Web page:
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Saturday, July 21, 2007

Refreshing, Restarting, and Rebooting Your Wi-Fi

Networking problems can — and probably will — occur at some point. You've probably been there before; you try to log on and you can't download email, print a picture, or copy files over the network.

When you contact a software company for technical support, often the first thing they tell you to do is restart your computer. You do this first because it's easy, and (more often than not) it works. Network problems are also sometimes solved by restarting a connection or the router.

Refreshing a PC's wireless connection

To refresh a PC's wireless connection, follow these steps:

1. Double-click the system tray icon for the computer's wireless connection manager utility to open it.

2. In the resulting dialog box, click the Repair button to disable the wireless connection.

If you use the Windows wireless connection manager, simply right-click the wireless connection icon in the system tray (the area in the lower-right corner next to the clock) and choose Repair. Windows will automatically disable and then reconnect the wireless connection.

If refreshing the wireless connection doesn't restore your wireless connectivity, try restarting the computer. If that doesn't work, your next step is to restart DHCP or reboot the access point.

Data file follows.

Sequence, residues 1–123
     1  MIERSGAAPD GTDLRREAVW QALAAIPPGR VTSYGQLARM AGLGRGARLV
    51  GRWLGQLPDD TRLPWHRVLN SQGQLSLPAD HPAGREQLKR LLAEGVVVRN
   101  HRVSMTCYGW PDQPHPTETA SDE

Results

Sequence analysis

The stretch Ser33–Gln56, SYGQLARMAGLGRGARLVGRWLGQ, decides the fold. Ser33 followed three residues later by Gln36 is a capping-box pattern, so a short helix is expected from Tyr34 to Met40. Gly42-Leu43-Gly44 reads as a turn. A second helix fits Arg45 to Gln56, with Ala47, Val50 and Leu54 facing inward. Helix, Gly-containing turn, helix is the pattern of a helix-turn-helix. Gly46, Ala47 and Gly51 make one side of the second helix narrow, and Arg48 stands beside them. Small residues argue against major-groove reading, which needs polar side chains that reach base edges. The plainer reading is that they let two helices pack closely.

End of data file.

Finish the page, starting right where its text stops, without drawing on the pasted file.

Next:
Refreshing a Pocket PC's wireless connection

Follow these steps to refresh a Pocket PC's wireless connection:

1. Tap the Wi-Fi icon in the lower-right corner of the Today screen to open the WLAN utility.

2. Tap Turn Off.

3. Wait about five seconds and then tap Turn On to reactivate the wireless connection.

If your wireless connection icon shows green, it isn't necessary to refresh the connection. Green suggests an active and successful wireless connection, and that your connectivity problem is caused by something else.

Restarting DHCP service

Use the following steps to restart DHCP service:

1. Log in to your router or wireless access point (WAP) using a Web browser.

2. Click the DHCP button or tab (depending on your router) to open the DHCP server controls.

DHCP stands for Dynamic Host Control Protocol, and is what assigns unique IP addresses to every computer on the network. Restarting DHCP can help resolve IP conflicts or other DHCP problems.

3. Select the Disabled radio button for the DHCP server, and then click OK or Apply to turn off the DHCP server.

4. Return to the DHCP controls, choose the Enabled radio button, and click OK or Apply again to re-activate DHCP.

You may need to reboot other computers on your network to complete the re-assigning of IP addresses.

Rebooting the access point

Follow these steps to reboot the access point:

1. Log in to your router/WAP using a Web browser.

2. Locate the control for rebooting the WAP, and click it to reboot the WAP.

If you are unable to locate a control for rebooting the WAP, simply unplug the WAP's power cord, wait about five seconds, and then plug the power back in

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